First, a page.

Charter captain saves sea turtle from certain death, caught in a gill net
OAK ISLAND, N.C. (WECT) - On a typical sunset cruise last week in Brunswick County, Charter Captain Jeff Williamson saw something that caught his eye and it just didn’t look right. It was a cluster of gill net floats.
“Typically when you put a gill net out the floats are stretched out. These were all bunched up. I told my crew I said if you guys got a minute, I want to get that out of the water because it doesn’t need to be there,” said Jeff Williamson, Charter Captain.
Williamson believes someone had to cut a section of the gill net off and leave it and it got caught in some debris. The gill net was found near the damaged Oak Island pier at town park.
As Williamson pulled the gill net out of the water he saw the belly of a sea turtle. It was entangled in the net.
“It had the webbing tied around it’s neck. We got it in the boat and was able to get the knife in between the netting and the turtle’s neck cut away so we freed the turtle.”
The turtle was freed but needed help breathing.
“When I used to work commercial shrimp boats, we’d always lift up on the shell to help them catch a breath. After I lifted the shell and took some of the pressure of his chest it definitely took a deep breath and then it took two more as I lifted, pretty cool.”
Williamson says if they hadn’t found the sea turtle it definitely would have died.
“If we hadn’t intervened that night because it was sunset it was about to get dark and the turtle could not, it was low tide and it was under water so high tide it would have been further underwater and it wouldn’t have come back.”
Williamson released the sea turtle away from the area and it swam away.
North Carolina is the only state that still allows gill nets to be used on a widespread commercial capacity.
There are been attempts to ban the use of gill nets. Many see them as death traps for anything and everything that gets caught in them.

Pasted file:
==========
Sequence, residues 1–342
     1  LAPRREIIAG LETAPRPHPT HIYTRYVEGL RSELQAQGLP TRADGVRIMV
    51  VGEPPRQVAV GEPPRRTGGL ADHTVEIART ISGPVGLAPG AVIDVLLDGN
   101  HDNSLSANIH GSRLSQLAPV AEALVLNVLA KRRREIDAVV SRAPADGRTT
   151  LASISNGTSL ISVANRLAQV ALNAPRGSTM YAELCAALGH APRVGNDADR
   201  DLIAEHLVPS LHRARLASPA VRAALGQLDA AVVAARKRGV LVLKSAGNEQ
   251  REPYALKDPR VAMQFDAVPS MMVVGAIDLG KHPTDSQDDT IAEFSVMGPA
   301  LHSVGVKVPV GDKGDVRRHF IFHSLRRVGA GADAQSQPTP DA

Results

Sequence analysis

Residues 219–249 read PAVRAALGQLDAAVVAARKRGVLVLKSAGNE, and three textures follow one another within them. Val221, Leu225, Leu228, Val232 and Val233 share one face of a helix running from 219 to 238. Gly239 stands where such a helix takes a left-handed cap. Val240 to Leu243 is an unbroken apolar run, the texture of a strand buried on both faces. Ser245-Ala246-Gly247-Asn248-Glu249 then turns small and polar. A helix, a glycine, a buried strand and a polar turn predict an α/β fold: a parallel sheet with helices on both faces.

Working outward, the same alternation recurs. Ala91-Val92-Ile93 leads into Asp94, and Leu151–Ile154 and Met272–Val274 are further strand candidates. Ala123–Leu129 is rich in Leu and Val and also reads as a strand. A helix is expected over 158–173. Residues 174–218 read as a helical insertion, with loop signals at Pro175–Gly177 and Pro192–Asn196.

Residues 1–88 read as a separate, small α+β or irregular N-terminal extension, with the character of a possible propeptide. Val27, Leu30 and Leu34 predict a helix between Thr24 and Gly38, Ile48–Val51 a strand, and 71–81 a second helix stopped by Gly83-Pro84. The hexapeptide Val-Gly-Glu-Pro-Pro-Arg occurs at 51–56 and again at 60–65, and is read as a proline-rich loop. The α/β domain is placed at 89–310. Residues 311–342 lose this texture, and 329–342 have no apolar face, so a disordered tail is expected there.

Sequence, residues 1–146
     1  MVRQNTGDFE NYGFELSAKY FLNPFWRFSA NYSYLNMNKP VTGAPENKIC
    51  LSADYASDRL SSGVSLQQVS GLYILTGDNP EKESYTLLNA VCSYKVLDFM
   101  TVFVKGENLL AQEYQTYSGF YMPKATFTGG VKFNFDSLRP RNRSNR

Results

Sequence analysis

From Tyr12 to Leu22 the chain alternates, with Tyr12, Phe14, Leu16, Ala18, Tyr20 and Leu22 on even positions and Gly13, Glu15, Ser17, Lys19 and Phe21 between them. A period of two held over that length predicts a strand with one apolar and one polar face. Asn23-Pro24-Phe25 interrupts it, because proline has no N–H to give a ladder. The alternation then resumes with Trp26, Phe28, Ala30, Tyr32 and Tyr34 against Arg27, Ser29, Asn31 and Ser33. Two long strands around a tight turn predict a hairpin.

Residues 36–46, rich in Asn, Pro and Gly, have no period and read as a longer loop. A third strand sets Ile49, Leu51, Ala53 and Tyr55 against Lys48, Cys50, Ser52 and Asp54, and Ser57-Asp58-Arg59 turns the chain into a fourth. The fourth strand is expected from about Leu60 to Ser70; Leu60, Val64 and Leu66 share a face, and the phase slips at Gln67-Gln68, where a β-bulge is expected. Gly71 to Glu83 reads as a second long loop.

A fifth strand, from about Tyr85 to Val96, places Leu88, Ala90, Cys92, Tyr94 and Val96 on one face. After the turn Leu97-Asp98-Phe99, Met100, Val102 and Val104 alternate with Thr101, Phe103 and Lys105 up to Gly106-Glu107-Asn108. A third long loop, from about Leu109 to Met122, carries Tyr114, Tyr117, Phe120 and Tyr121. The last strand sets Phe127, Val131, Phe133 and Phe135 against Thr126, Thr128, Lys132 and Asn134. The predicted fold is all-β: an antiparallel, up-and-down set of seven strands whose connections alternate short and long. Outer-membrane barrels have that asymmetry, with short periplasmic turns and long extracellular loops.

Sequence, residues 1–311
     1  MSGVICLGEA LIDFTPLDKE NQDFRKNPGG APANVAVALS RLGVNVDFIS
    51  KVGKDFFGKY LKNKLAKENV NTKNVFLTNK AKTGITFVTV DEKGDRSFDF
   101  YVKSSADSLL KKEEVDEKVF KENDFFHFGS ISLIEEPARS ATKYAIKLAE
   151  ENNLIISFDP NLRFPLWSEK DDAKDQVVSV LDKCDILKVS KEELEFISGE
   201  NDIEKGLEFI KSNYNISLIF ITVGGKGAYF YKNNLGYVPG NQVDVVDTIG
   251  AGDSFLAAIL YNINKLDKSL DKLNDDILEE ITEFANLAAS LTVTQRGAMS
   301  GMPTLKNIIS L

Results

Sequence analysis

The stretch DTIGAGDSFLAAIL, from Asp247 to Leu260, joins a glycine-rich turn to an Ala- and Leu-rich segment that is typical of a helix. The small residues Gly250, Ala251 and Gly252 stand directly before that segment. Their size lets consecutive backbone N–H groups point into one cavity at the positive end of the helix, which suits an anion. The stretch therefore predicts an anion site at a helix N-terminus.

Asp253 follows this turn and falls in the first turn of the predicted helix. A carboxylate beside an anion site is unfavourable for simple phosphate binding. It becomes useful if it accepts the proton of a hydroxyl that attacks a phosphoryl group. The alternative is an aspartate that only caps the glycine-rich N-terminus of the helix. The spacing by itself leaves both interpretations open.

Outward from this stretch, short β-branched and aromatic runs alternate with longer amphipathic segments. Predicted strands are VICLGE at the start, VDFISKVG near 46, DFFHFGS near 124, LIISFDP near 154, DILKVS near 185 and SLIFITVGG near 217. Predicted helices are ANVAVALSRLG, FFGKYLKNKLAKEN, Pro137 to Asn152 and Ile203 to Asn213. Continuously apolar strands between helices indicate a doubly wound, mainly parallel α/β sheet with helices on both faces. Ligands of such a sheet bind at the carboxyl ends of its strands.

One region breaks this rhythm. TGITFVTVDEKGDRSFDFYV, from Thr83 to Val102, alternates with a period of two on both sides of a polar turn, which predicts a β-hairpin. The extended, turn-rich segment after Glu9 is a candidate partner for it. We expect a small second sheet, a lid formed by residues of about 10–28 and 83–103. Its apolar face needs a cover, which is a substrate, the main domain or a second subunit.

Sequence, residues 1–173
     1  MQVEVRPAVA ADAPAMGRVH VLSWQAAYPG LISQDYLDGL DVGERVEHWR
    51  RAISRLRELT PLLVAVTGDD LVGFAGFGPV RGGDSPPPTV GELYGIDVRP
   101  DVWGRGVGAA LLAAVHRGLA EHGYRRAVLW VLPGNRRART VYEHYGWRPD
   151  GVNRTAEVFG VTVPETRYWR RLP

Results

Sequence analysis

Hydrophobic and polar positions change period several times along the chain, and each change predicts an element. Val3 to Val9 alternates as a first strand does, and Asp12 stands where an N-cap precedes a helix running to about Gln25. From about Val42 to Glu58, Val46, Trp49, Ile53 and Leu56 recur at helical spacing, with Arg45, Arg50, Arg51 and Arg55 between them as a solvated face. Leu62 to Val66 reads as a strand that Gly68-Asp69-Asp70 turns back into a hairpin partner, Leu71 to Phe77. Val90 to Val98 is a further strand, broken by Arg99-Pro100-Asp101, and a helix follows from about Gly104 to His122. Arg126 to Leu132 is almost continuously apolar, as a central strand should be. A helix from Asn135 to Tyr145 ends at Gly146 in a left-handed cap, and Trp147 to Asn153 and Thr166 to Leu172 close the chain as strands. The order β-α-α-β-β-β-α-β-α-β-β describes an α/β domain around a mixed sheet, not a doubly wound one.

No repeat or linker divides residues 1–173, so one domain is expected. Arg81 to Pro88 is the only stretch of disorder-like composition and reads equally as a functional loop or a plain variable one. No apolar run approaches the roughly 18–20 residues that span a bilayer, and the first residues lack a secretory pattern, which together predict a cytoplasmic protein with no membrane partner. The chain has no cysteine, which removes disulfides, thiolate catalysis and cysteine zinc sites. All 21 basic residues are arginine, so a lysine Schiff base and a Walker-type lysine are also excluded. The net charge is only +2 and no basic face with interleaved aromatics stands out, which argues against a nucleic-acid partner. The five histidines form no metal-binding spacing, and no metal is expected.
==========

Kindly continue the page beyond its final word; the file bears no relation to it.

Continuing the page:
This is a response from the N.C. Division of Marine Fisheries when asked about gill nets.
The N.C. Division of Marine Fisheries takes protection of sea turtles very seriously and has undertaken education efforts over the years to teach commercial and recreational fishermen ways to minimize interactions. Gill net fishing is one of many human activities along the coast that can interact with and harm sea turtles. Other activities that can harm sea turtles include dredging for boat channels, beach nourishment, driving on the beach, other types of commercial and recreational fishing, littering, and boating.
The division has also implemented numerous management measures that reduce sea turtle interactions and unwanted fish bycatch in commercial fishing gear.
Regulations specific to gill nets include attendance requirements (fishermen are required to remain close to their nets); time of day restrictions; area and season closures; minimum mesh size requirements; setback requirements; identification marking requirements, and yardage restrictions.
Most recently, regulations were implemented for the small mesh gill net fishery restricting yardage, requiring attendance and closing areas to stationary nets.
The division has been reviewing Marine Fisheries Commission rules pertaining to small mesh gill nets and plans to present options for rule changes to the commission in November.
Additionally, North Carolina’s estuarine gill net fishery is managed under incidental take permits for sea turtles and Atlantic sturgeon, issued to the state by the National Marine Fisheries Service. The permits outline conservation plans to limit takes of these species, listed under the federal Endangered Species Act, to authorized levels.
A condition of the incidental take permits requires the state to maintain certain levels of observer coverage – division staff either go out on the boats with fishermen or observe from gill net fishing from division boats. The majority of sea turtles and Atlantic sturgeon observed are released alive and unharmed. If the number of observed interactions with these species approaches the number of allowed interactions, the division can close certain areas to gill net fishing.
Also, as a condition of the incidental take permits, the division requires fishermen to obtain an Estuarine Gill Net Permit to use any anchored small or large mesh gill net in internal coastal waters. This provides a list of fishery participants that staff can use to contact fishermen for observer trips. As of Aug. 31, 2020, 1,956 fishermen had the permit.
Fisheries management can be complicated, and gill net management is no exception. They can vary within the state by, by region, by time of year, and by many other factors. Some of the variation in these regulations, such as seasonal closures and gear modification requirements, are meant to reduce regulatory discards. However, stock assessments do account for live and dead discarded fish in commercial and recreational gear. This information is figured into fisheries management decisions.
Although gill net regulations vary from state to state, North Carolina is by no means the only state that allows gill nets fishing. Of the 15 states on the East Coast, only Florida and Pennsylvania ban gill nets outright.
Division of Marine Fisheries/Division of Coastal Management
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